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8 Unique Ways to Make a Small House Feel Bigger


Do you feel cramped and crowded in your small home? Or maybe you’re looking at going smaller for your first home? Either way, if you’re a bit short on the square footage, it doesn’t mean your home has to feel small. With a few tips and tricks, you can make your home feel bigger on the inside.

Here are several ideas that can have you well on the way to a seemingly roomier home.

Clean and Organize

Before you do anything else, you need to clean and organize your home. Pick up the clutter. The clothes lying on the floor, magazines, remotes, pens, junk mail, spare change - the list can go on and on. Clean floors and tabletops go a long way in making your small spaces look larger, and it only costs you a bit of physical effort. A room will always feel larger if you keep it clean and organized. But don’t take our word for it - try it yourself, and find out!

MAXIMIZE Your Furniture

Making a small space look larger requires a good sense for consolidating space. Use a coffee table or end table that has drawers. Then take the items from the surfaces and put them in the drawers. Remotes, magazines, phone chargers can all go into drawers instead of using space on your living room surfaces. Additionally, utilize raised furniture to give the illusion of greater space (just make sure the space underneath is clean and clear).

You can also be sneaky with decorative containers, serving doubly as storage, ornately stacked on an end table. There are plenty of furniture options that have concealed storage underneath a cushion, as well.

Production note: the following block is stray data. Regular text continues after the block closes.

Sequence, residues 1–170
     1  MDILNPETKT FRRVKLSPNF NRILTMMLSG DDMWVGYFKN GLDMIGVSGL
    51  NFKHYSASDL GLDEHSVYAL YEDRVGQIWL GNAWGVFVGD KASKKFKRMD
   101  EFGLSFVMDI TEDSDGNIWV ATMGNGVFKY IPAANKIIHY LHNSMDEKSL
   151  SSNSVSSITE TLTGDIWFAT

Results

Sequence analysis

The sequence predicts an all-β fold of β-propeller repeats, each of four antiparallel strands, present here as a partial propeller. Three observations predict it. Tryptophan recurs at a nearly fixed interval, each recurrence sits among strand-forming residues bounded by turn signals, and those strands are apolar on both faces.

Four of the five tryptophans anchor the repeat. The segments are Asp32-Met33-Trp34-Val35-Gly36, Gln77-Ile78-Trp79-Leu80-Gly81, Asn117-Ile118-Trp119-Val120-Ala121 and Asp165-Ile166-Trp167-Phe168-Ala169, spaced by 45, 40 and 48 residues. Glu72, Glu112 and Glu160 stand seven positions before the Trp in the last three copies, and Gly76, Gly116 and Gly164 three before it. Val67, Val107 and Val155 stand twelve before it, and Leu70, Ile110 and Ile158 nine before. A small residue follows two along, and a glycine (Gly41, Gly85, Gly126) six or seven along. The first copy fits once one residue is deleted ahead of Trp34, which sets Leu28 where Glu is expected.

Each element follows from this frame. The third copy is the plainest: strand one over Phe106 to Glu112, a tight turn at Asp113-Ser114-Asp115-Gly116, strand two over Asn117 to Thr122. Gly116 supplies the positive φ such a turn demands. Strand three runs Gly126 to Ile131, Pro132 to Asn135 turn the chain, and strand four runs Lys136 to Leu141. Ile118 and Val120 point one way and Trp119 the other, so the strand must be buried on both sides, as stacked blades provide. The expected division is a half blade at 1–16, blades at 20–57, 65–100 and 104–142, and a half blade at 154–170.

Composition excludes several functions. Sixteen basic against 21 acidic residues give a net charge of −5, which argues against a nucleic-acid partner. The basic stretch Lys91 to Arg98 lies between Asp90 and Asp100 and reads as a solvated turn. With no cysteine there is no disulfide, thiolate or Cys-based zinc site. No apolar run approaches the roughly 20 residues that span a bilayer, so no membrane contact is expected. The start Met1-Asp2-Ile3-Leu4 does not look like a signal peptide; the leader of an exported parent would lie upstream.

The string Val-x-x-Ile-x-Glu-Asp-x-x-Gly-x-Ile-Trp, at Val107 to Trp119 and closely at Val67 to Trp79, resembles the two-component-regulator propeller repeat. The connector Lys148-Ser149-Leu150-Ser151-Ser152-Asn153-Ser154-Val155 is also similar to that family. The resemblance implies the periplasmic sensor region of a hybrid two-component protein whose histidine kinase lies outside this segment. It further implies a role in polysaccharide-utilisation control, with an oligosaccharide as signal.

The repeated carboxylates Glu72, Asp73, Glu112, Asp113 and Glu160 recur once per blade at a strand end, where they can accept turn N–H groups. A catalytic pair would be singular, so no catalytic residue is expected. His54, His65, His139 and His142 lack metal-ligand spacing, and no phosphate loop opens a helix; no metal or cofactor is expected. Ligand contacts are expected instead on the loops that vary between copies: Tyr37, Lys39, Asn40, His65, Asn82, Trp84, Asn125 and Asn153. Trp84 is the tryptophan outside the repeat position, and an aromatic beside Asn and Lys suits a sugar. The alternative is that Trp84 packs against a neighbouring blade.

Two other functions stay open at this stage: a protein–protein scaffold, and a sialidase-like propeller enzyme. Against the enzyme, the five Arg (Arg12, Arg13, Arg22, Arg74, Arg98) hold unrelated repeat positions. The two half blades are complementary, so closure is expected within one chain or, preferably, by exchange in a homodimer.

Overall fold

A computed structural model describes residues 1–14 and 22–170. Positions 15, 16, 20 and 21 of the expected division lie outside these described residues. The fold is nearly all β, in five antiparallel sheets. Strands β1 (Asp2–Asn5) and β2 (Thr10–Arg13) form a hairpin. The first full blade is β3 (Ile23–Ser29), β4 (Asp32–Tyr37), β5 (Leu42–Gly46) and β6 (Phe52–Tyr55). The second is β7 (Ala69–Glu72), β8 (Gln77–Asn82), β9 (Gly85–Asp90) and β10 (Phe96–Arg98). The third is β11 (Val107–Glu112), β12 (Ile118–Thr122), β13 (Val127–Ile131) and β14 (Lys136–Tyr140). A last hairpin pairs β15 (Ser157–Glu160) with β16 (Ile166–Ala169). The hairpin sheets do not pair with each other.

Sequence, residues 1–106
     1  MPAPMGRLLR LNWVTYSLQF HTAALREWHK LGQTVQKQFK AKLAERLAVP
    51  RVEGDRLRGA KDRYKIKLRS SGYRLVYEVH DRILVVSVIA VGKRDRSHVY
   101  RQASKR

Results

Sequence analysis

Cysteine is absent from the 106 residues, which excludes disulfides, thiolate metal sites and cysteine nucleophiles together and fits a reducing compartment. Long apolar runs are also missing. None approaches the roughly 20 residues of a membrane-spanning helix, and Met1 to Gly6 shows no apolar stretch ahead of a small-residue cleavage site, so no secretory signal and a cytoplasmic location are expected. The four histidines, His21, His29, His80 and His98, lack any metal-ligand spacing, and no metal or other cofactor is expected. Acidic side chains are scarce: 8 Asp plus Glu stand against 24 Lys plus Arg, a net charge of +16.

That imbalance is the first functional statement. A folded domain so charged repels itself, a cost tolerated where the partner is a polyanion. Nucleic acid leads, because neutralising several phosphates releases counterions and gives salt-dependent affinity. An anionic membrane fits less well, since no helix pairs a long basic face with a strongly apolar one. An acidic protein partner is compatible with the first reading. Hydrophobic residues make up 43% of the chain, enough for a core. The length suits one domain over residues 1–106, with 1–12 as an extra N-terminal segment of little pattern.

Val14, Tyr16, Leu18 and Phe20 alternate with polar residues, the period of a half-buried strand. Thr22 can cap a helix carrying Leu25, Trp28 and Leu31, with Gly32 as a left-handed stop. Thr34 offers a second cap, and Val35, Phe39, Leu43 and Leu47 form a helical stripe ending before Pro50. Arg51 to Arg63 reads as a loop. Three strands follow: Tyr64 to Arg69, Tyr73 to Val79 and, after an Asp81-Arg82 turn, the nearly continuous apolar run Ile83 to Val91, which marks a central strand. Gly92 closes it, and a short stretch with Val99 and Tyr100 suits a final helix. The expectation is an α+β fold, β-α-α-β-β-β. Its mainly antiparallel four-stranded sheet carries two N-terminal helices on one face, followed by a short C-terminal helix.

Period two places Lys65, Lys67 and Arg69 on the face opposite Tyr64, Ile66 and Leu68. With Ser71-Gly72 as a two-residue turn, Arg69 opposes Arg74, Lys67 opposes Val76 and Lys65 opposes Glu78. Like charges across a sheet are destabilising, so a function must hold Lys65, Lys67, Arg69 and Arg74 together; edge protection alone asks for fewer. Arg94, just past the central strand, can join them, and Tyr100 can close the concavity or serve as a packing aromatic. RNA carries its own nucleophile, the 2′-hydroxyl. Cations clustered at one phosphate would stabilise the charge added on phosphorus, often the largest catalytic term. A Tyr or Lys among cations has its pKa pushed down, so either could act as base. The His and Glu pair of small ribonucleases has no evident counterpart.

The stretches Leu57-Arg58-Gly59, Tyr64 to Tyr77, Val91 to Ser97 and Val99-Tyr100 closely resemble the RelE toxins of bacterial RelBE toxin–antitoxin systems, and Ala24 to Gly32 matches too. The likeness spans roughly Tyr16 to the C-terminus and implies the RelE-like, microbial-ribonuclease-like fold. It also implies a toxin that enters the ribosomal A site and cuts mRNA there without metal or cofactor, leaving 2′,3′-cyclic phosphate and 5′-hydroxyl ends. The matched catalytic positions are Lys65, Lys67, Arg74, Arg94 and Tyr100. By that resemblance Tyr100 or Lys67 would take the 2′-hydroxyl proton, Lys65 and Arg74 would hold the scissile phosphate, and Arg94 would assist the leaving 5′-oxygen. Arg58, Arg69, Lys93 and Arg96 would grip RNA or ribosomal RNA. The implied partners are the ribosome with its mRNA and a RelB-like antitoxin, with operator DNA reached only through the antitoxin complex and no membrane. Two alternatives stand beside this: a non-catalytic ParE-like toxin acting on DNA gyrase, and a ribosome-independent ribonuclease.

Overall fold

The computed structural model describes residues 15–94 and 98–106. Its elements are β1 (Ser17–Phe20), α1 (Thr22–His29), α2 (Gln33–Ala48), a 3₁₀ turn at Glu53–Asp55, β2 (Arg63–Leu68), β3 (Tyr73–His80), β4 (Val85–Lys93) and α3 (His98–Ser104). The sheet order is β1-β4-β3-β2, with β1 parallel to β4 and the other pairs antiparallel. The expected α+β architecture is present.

Another way to make the most of your furniture is to use fold-away tables and chairs. Preparing for a party? Use a nice folding table for your food prep work, and then clean it up and fold it away and break out the folding barstools before the guests arrive.

Select Colors Wisely

Trim and ceiling paint have just as much impact as the paint on your walls. Using a slightly lighter shade of your wall color on your trim will make it feel further away. Case in point:



Embrace the Mirror Illusion

A well-placed, large mirror can make any room appear larger. Do you have a couple closet doors in your small bedroom? Hang mirrors on the doors! The larger the mirror, the greater the impact. Have an empty wall in your entryway? Time for a mirror or even a trio of smaller, decorative mirrors.

Of course, don’t let yourself get carried away and accidentally turn your home into an amusement park funhouse - remain strategic and play around with arrangements. The point is, a well-placed mirror can work wonders.

Cut the Excess

Do you need two end tables flanking your couch, as well as another by the recliner and two more by your windows? How about the other two by your bed and the one in the bathroom? Do you need seemingly a million knick-knacks lining the tops of your cabinets and shelving?

If you haven’t used a piece of furniture in a year or have any decorations smaller than a cantaloupe (see the cantaloupe rule), to the storage unit or flea market they go! This will help you cleanse your home of clutter. And if you’re just starting on your first home, avoid picking up clutter now to save headache later.

Coordinate Your Light Sources

Natural light is great for making rooms seem spacious. Coordinate your natural light with lighter wall and drape colors for maximum effect. During the night, rather than using one larger, central ceiling fixture, direct eyes throughout the entire room using a series of smaller lamps.

Remove Doors and Walls

Don't judge a book by its cover, right? Well, what looks like a small home on the outside can be quite roomy on the inside if you have the resources and are willing to apply a little elbow grease. Taking out unnecessary doors and walls (avoiding load-bearing ones) will definitely open the place up.

Keep Lines Harmonious

If you have a room full of vertical line patterns, you don’t want to have a random patch of horizontal lines. Keep most of your lines flowing in the same direction, or have a carefully coordinated plan for how to integrate other patterns. Notice how the lines in the room below are coordinated:


Source: Shutterfly


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